Cutting edge innovations continue to emerge from the multi-rotor industry at a hectic pace. Frankly, it's sometimes difficult to keep track of all the new stuff. A few things are bound to get lost in the noise from time to time. But the upcoming Drone Racer by Kyosho ($220) really caught my attention. My interest has nothing to do with the fact that this quad looks like a race car. I'm captivated by the notion that you drive it like a race car. Rather than the standard 2-joystick transmitter that is typically used for airborne models, this multi-rotor takes its commands from a pistol-grip transmitter like you would find at an RC racetrack. You're probably wondering how that is even possible. Keep reading and I'll explain!
Under The Hood
Kyosho provided a pre-production unit of the Drone Racer for me to evaluate. It is planned for release in late November and will be available in two body styles. The G-Zero model, which I received, is obviously inspired by Formula One race cars. The Zephyr version channels an angular, flat-paneled Batmobile.
The Drone Racer is not a toy-grade novelty item. It is made of legit hobby-quality stuff. But it isn't meant to trade paint with traditional high-powered racing quads. Despite the similarity in name, they are totally different beasts. If there is such a thing as a beginner-friendly airborne racing basher, the Drone Racer is it. It is at home zipping around over your driveway or competing with friends on an impromptu parking lot race course.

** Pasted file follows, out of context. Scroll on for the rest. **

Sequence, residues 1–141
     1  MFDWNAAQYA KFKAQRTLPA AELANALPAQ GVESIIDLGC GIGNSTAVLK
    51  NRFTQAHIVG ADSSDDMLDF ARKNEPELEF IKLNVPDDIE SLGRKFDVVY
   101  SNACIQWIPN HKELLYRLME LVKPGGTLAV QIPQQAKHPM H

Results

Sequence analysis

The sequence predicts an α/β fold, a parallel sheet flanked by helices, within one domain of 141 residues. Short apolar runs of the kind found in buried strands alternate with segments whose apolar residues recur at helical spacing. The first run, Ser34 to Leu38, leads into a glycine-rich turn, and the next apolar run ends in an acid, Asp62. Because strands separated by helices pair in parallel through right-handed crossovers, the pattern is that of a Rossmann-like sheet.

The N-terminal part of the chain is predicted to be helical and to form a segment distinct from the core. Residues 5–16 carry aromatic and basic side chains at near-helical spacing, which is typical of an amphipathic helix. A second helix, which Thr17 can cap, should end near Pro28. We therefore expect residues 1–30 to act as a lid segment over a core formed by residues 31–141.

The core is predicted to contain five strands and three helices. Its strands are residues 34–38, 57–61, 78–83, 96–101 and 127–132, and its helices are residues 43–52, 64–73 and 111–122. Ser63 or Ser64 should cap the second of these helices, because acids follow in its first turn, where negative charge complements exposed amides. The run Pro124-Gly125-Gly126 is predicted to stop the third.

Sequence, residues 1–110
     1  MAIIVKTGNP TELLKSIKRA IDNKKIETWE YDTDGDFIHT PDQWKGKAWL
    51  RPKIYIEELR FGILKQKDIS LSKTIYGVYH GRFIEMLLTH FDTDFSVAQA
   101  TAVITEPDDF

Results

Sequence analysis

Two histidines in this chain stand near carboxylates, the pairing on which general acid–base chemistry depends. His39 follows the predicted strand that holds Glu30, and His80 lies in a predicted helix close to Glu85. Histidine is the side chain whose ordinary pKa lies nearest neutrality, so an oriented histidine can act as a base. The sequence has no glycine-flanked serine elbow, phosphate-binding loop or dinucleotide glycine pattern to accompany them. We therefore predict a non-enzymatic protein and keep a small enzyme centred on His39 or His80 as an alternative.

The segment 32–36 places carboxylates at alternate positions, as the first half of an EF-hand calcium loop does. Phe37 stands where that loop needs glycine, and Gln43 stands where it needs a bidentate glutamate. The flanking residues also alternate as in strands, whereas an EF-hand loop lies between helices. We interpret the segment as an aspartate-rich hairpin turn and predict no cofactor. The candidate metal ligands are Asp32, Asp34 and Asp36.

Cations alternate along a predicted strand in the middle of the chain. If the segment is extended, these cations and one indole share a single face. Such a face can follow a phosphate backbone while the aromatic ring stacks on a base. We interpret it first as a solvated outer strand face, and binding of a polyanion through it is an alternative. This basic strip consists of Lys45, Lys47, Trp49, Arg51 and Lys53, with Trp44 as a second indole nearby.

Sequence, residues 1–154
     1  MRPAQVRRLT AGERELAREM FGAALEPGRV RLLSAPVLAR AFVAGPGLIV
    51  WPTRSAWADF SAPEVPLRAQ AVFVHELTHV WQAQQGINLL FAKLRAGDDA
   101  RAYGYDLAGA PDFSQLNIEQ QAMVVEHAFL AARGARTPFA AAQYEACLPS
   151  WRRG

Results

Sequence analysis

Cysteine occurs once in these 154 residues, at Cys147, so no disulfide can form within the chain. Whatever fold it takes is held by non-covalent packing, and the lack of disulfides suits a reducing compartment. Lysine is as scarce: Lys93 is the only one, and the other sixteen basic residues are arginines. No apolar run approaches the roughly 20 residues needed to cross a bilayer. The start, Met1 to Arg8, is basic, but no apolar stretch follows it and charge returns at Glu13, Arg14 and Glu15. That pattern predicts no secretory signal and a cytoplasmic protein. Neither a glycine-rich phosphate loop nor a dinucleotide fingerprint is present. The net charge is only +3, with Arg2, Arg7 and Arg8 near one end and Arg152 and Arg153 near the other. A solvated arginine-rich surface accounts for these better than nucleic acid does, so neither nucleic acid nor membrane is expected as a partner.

This ship reminds me of many of the beginner-oriented quads that I have flown. Its plastic frame measures 233mm between diagonal rotor shafts. Each 5"-diameter (127mm) prop is driven by a tiny brushed motor via a single-stage gearbox. Power comes from a 1-cell, 1000mAh LiPo battery.
No assembly is required, but you will likely be turning screws at some point to make tuning adjustments. For instance, you can set the forward tilt of the rotors to 0 (default), 10, or 20-degrees. The 10 and 20-degree options provide faster forward speeds. Making the change requires swapping out plastic mounts for the frame arms. It's a quick process involving just 8 screws.
All of the onboard electronics are configured as well. Once again, there are a few tuning options. You can choose between Easy and Active flight modes. Obviously, the Active mode offers more aggressive maneuvering. There is also an option to configure specific settings via a Windows or Android utility. A micro-USB cable is included to bridge the physical connection between the quad and your PC. The program, however, is not complete as I write this. So I was not able to utilize that feature during my testing.